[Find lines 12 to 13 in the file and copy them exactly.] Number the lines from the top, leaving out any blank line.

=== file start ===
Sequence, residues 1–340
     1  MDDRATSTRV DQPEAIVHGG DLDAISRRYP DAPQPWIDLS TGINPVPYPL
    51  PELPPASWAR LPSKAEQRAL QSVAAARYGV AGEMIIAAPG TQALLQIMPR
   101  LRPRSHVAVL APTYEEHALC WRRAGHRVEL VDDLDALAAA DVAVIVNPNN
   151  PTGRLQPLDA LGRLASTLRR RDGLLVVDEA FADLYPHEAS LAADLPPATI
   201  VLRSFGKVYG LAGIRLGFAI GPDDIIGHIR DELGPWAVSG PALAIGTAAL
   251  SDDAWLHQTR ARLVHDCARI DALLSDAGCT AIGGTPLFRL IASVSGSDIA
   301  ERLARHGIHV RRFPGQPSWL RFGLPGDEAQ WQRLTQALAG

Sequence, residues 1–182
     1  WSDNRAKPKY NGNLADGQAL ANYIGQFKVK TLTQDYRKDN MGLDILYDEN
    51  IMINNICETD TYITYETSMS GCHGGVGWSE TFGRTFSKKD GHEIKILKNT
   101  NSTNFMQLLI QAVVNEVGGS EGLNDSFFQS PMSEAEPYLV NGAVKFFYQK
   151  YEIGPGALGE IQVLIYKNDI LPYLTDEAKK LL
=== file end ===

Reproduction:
   101  NSTNFMQLLI QAVVNEVGGS EGLNDSFFQS PMSEAEPYLV NGAVKFFYQK
   151  YEIGPGALGE IQVLIYKNDI LPYLTDEAKK LL